Sofia and other EU countries want to reduce dependency on Russian state company Tvel

Kozloduy-5 is a 1,003-MW Russian VVER pressurised water reactor. Courtesy KNPP.

The licensing process has begun for the use of Westinghouse-manufactured VVER-1000 fuel in Unit 5 of the Kozloduy nuclear power station as Bulgaria steps up efforts to diversify from Russia-suppled reactor fuel.

The Bulgarian Nuclear Regulatory Agency said it had received an application for the use of Westinghouse fuel. It said the application comprised more than 80 documents totalling more than 8,400 pages.

In December 2022 the Bulgarian ministry of energy confirmed the signing of a 10-year contract with US-based Westinghouse for the delivery of nuclear fuel for Kozloduy-5, calling it a “new era” for the country’s nuclear energy sector.

A month earlier, Bulgaria’s parliament had passed a motion to speed up licensing procedures and potential supply of non-Russian nuclear fuel for Kozloduy’s two units, Kozloduy-5 and -6.

Bulgaria receives nuclear fuel from Tvel under a 2019 contract which is set to expire in 2025.

Europe Looking To Shut Out Russia

Since Russia’s invasion of Ukraine in February 2022, operators of VVER plants in Europe have been looking to diversify nuclear fuel supplies away from Tvel, the fuel wing of Moscow’s state-owned nuclear corporation Rosatom.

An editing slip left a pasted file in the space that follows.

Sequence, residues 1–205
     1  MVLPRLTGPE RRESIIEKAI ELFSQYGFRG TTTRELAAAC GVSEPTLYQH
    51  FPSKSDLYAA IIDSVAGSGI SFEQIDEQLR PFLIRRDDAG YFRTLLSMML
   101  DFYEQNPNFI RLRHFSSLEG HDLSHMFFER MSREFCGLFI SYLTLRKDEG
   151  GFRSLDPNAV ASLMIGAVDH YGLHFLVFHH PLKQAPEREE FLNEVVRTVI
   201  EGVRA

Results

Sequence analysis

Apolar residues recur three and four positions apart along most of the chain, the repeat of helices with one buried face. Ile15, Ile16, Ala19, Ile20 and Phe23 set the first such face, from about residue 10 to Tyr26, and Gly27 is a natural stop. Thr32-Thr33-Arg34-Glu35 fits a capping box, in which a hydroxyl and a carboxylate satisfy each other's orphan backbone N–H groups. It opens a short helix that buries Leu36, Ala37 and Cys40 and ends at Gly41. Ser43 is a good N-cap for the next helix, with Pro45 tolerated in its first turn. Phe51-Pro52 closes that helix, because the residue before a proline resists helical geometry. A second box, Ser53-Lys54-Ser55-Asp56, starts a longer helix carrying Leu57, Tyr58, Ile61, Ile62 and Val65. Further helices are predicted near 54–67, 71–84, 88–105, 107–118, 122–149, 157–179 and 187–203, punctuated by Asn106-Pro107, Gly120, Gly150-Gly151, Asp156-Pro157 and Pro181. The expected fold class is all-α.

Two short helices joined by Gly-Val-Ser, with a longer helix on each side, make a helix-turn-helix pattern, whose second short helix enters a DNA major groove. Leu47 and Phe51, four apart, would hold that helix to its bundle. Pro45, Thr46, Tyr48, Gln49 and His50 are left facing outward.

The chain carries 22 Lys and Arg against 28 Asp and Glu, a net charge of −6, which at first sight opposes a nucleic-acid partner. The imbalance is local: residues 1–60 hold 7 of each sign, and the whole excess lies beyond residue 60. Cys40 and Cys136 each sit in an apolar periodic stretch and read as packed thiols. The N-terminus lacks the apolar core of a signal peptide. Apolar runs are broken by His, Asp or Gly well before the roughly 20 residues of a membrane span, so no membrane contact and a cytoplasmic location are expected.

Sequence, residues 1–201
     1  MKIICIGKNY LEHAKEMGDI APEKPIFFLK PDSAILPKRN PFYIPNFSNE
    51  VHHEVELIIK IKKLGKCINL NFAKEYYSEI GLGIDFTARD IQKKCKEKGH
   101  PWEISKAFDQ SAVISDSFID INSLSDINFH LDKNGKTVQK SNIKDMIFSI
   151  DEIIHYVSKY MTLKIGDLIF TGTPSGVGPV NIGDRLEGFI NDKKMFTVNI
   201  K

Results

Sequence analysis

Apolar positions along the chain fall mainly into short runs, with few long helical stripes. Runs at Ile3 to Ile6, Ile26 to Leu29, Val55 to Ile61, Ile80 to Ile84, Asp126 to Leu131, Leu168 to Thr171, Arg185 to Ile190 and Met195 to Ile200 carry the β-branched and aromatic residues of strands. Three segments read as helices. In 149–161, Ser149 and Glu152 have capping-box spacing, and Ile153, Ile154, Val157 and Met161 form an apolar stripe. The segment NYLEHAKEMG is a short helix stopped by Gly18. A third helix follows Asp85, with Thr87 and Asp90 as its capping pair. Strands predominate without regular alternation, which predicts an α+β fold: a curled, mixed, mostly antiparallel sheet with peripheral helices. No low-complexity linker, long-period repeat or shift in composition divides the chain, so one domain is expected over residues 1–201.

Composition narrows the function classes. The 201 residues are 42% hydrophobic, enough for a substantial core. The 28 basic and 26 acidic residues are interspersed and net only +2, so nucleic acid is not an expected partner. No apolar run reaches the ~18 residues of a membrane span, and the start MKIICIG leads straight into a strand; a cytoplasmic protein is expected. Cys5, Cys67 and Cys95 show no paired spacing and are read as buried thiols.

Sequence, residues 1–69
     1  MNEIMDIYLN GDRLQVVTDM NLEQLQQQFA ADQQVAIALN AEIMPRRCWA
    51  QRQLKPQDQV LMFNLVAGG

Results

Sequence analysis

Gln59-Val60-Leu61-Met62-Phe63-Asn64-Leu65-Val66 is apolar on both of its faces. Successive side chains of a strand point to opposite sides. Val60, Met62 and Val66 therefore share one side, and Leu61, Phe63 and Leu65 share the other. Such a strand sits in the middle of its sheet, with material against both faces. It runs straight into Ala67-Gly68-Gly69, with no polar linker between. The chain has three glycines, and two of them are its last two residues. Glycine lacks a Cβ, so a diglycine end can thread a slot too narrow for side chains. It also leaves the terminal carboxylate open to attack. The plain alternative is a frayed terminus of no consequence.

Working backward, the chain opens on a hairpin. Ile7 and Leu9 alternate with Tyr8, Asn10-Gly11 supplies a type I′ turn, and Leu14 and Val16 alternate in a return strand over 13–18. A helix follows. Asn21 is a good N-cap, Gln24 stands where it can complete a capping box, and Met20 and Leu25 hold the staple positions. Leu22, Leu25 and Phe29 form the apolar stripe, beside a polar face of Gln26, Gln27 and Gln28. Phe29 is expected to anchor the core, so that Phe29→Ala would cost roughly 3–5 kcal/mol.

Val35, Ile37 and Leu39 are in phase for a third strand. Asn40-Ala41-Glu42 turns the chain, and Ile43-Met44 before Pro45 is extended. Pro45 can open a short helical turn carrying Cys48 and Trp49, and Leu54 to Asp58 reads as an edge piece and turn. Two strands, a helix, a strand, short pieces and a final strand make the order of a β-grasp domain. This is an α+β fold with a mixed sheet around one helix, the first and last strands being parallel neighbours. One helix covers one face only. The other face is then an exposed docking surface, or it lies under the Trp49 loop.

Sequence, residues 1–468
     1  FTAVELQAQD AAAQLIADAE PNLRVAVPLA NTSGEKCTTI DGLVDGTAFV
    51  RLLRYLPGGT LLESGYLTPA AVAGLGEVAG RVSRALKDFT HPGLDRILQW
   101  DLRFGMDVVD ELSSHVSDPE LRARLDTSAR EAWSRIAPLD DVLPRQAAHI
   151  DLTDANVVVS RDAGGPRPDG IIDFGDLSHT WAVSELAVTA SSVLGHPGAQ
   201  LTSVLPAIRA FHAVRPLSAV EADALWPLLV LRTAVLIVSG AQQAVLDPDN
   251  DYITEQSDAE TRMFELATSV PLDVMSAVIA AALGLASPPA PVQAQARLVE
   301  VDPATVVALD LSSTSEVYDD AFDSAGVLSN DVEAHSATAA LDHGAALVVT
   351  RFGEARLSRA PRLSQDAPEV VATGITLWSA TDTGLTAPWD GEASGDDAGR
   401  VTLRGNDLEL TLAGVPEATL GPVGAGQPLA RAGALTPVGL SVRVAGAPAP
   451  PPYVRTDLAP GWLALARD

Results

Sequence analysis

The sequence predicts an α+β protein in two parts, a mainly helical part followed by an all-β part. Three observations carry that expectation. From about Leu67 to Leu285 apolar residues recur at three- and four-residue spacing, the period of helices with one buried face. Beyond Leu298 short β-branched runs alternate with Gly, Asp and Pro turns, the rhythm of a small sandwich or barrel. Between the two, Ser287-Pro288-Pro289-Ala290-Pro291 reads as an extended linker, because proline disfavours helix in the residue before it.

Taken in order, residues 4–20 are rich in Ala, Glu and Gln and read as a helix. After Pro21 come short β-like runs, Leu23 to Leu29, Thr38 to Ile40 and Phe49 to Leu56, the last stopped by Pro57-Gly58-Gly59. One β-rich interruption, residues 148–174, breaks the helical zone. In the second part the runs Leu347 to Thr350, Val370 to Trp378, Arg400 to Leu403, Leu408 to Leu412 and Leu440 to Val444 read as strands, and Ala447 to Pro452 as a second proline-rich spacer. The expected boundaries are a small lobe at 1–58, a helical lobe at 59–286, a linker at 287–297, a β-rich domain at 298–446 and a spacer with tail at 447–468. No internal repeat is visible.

There are over 30 reactors of the VVER-440 and VVER-1000 design operating in the EU and in Ukraine.

The Bulgarian energy ministry said the move to fuel Kozloduy-5 with Westinghouse fuel was “a major step forward” towards the diversification and security of nuclear fuel supply.

The ministry said the price of the Westinghouse-made fuel for Kozloduy-5, a 1,003-MW Russian VVER pressurised water reactor unit, was expected to remain the same as that offered by Bulgaria’s existing supplier, the Russian state company Tvel.

It said the US company had agreed to install a control system specific to its fuel during a planned outage at Kozloduy-5. This would pave the way for the parallel use of existing and new fuel assemblies before a full transition in late 2024.

Westinghouse already has VVER-1000 fuel supply deals with Finland, the Czech Republic and Ukraine, where operators have decided to work towards cutting their dependency on Russia.

In July, a consortium led by Westinghouse was chosen by the European Union to develop and deliver a “secure, fully European” nuclear fuel supply to Russian-designed VVER plants.

Slovak utility Slovenske Elektrarne and French nuclear equipment manufacturer Framatome have signed an agreement to cooperate on nuclear energy including working towards the development of a “100% European fuel design” for the EU’s VVER fleet.

Date: Friday, 28 July 2023
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